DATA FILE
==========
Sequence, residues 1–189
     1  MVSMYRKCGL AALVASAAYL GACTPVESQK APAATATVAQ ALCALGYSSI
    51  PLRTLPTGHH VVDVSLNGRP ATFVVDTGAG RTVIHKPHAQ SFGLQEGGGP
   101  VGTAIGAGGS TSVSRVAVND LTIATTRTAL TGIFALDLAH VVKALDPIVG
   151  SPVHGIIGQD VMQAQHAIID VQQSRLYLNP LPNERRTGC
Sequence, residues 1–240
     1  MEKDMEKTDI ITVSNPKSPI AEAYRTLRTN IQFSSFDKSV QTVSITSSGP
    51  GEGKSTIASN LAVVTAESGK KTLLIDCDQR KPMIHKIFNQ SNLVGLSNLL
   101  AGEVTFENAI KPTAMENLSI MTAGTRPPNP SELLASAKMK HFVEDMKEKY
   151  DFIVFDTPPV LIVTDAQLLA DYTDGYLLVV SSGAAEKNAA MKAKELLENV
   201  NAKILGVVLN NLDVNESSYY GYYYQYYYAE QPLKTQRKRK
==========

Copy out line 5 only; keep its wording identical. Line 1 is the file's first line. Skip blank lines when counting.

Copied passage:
   151  SPVHGIIGQD VMQAQHAIID VQQSRLYLNP LPNERRTGC